Night terrors are much more common in children than in adults, though that doesn’t mean adults never have them. Night terrors also tend to happen shortly after falling asleep because they take place during non-REM dreaming which takes place largely at the beginning of the sleep cycle, while nightmares are a form of REM-dreaming.
Lucid dreams are dreams in which, contrary to the normal situation, the sleeper is actually aware of dreaming, or at least that some event taking place in the dream cannot possibly be really happening. These dreams are generally extremely realistic and vivid. Usually, people automatically wake themselves up when they actually realize that they are dreaming, but it may be possible to consciously continue the dream. According to some people, it may even be possible to exert some control over the dream content, to become an active participant in the dream, making decisions and influencing outcomes.
Some go even further, claiming that it is possible to train oneself to experience lucid dreams, although these are more contentious claims. It is thought that, in the case of lucid dreams, the lateral prefrontal cortex of the brain (the part associated with logic and common sense which is normally suppressed during REM sleep) is for some reason not suppressed, so that the dreaming and logic circuits are both active at the same time.
However, there does still seem to be some interface with the rest of the waking brain during lucid dreaming. An early researcher on the subject, the 19th Century French aristocrat Marquis d’Hervey de Saint-Denys, repeatedly tried to dream his own death by directing his lucid dreams towards suicide, but found that the dreams always changed scene and avoided the death. It also appears to be impossible to tickle onself or make oneself laugh in a lucid dream, suggesting a high level of awareness of bodily actions and sensations.
Recurring dreams are dreams that repeat themselves night after night with little variation. They may be positive in nature, but more often they have a nightmare-ish quality. The recurrence is thought to be because some conflict depicted by the dream (e.g. some life situation or emotional problem) remains stubbornly unresolved.
Daydreaming refers to a level of consciousness somewhere between sleep and wakefulness, a mild detachment from immediate surroundings often referred to in psychology as dissociation. As the mind begins to wander during lulls in concentration throughout the day, the level of conscious awareness can decrease and the imagination may create all manner of (usually pleasant and positive) imagined scenarios and fantasies, all without consciousness sinking to the level of actual sleep.
A 2009 neurological study indicates that as much as half of our day-to-day thoughts are what are generally referred to as daydreams, and that more of our supposedly focussed thinking is interrupted and unstructured than we are wont to think.
Recent research is also attaching more and more importance to daydreaming. It claims that a wandering unfocused mind is the brain’s default mode, to which it automatically tries to return given the opportunity. It even claims that some of our best thinking occurs when our minds are allowed to wander.
During these daydreaming episodes, our minds are more likely to tackle ongoing intractable life problems that we may be unwilling to work through in a more focussed way, thus providing an essential element of stress reduction. It also provides an opportunity for creativity and the incubation of new ideas without the usual inhibitory brake of our rational and prudent prefrontal cortex.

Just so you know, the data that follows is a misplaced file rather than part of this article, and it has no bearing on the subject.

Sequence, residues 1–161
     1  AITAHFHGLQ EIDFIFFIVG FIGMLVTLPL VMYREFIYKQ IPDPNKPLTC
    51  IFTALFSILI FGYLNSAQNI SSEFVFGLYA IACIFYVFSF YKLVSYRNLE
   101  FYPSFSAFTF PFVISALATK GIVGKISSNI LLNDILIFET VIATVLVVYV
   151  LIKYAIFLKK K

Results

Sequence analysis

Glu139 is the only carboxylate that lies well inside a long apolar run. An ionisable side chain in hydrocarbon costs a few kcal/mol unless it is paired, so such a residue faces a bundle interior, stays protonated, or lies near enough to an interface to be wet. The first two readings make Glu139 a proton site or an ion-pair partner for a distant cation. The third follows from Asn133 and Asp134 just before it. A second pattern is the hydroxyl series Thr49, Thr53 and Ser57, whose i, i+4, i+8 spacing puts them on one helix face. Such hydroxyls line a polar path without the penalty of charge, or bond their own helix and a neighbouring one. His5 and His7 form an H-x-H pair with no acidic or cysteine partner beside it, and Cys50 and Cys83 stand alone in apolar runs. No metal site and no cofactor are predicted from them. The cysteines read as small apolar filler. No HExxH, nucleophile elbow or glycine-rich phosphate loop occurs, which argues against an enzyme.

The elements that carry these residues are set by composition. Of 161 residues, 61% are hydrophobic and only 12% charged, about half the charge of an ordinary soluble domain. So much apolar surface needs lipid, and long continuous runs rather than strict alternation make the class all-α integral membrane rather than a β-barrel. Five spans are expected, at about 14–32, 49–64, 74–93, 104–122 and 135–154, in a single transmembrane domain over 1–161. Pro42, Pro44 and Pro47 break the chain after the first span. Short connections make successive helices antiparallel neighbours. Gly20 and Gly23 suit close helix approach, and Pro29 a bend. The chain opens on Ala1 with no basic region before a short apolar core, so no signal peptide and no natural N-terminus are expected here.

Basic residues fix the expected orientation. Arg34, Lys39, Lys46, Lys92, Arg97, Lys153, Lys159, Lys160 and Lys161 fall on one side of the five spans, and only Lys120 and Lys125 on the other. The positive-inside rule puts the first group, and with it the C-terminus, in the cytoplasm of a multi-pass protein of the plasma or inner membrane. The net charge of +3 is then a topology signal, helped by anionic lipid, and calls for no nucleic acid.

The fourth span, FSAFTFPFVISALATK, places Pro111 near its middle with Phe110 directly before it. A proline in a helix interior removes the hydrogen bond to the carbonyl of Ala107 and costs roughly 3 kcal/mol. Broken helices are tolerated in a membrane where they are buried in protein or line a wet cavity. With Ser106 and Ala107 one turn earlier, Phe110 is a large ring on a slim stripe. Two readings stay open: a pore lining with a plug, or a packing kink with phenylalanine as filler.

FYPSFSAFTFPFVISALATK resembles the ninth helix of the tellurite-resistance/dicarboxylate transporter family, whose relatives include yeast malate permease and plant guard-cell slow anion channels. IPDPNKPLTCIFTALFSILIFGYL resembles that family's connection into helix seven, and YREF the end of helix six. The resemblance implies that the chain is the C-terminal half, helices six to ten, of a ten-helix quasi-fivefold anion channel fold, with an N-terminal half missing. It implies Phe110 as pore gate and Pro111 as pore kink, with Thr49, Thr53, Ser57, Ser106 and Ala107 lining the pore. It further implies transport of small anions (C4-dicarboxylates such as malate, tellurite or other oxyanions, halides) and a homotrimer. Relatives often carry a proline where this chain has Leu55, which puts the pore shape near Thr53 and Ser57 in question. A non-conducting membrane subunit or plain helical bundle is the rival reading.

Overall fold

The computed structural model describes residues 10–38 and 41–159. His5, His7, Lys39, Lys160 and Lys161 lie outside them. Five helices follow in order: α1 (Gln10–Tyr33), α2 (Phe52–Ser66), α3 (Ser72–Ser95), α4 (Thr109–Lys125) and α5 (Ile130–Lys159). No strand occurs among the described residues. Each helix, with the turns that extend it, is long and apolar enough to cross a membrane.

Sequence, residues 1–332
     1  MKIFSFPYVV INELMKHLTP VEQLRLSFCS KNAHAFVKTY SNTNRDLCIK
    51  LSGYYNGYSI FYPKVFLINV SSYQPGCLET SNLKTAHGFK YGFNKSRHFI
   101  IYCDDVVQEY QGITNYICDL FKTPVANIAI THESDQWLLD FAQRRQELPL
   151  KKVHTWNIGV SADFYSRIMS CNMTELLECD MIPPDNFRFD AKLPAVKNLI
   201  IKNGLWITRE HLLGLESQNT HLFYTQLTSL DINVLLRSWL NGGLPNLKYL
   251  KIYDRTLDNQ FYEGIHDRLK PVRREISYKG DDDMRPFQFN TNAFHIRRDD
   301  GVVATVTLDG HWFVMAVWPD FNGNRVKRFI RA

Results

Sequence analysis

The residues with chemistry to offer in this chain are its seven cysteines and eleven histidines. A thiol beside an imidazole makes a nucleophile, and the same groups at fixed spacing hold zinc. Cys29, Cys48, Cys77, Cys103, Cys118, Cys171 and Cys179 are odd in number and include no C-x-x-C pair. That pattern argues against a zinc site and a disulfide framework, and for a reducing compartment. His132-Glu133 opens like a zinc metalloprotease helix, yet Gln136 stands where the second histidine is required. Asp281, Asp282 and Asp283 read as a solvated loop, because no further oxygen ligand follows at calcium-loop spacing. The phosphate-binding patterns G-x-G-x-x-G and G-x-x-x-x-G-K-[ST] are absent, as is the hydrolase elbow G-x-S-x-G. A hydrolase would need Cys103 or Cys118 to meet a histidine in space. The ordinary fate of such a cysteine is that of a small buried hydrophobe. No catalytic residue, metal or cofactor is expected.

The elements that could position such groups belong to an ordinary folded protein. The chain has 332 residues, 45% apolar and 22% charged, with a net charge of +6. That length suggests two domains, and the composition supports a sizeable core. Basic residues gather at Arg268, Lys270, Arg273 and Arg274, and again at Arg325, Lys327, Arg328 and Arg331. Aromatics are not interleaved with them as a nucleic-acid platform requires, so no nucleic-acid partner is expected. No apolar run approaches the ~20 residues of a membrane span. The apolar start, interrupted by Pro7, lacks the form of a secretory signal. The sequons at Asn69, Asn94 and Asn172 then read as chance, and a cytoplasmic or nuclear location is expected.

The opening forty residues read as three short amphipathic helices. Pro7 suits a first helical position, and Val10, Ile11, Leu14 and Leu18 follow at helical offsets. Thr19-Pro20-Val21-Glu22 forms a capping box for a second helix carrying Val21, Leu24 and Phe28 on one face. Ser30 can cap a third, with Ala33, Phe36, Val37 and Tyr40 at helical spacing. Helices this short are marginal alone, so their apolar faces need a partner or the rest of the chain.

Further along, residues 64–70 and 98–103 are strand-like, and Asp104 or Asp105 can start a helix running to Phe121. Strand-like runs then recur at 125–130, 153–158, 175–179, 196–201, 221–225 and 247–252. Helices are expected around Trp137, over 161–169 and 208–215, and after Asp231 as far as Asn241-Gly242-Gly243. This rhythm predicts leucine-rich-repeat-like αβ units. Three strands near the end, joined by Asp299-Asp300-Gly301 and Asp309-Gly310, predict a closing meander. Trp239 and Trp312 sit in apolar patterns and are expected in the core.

Nightmares, night terrors, lucid dreams, recurring dreams and daydreams are different from the standard dream, but they’re still fairly common. Now we’re going to dig into some of the more unusual dream types, like healing dreams prophetic dreams, and more.
Vivid dreams are exactly what they sound like: dreams that are incredibly vivid and may be difficult to distinguish from real life in your memories. They might be incredibly detailed and realistic, or they might be very bizarre but nonetheless feel absurdly real. According to research by the National Sleep Foundation, vivid dreams are more common among people with narcolepsy.
Healing dreams have not been researched by the National Sleep Foundation or similar scientific organizations, but in the spiritual community, they are a very real type of dream that can bring peace to people who are struggling in a variety of ways. Healing dreams may include the presence of some kind of deity or spirit, they might bring a resolution that has been thus-far elusive, or they may be dreams of guidance. Scientific research suggests that dreams are vital for emotional processing, so healing dreams could definitely be a real, powerful type of dream.
If you’ve ever woken from a dream, gone on with your day, only to suddenly wake up again, you’ve experienced a false awakening. False awakenings occur when someone believes they have woken up, but they’re really still sleeping. Sometimes people realize they’re in a false awakening because their digital devices don’t work correctly or something about their environment feels “off.” False awakenings may be related to lucid dreaming, but the research in that area is still in its preliminary stages.
Prophetic dreams are also sometimes called precognitive dreams, and they involve dreaming about something that hasn’t happened yet, but does happen later. If you don’t pay close attention to your dreams, you may experience a sense of deja vu when the event you dreamed about happens in real life. Like healing dreams, there is not a lot of scientific research on prophetic dreams, but that does not automatically rule out their existence.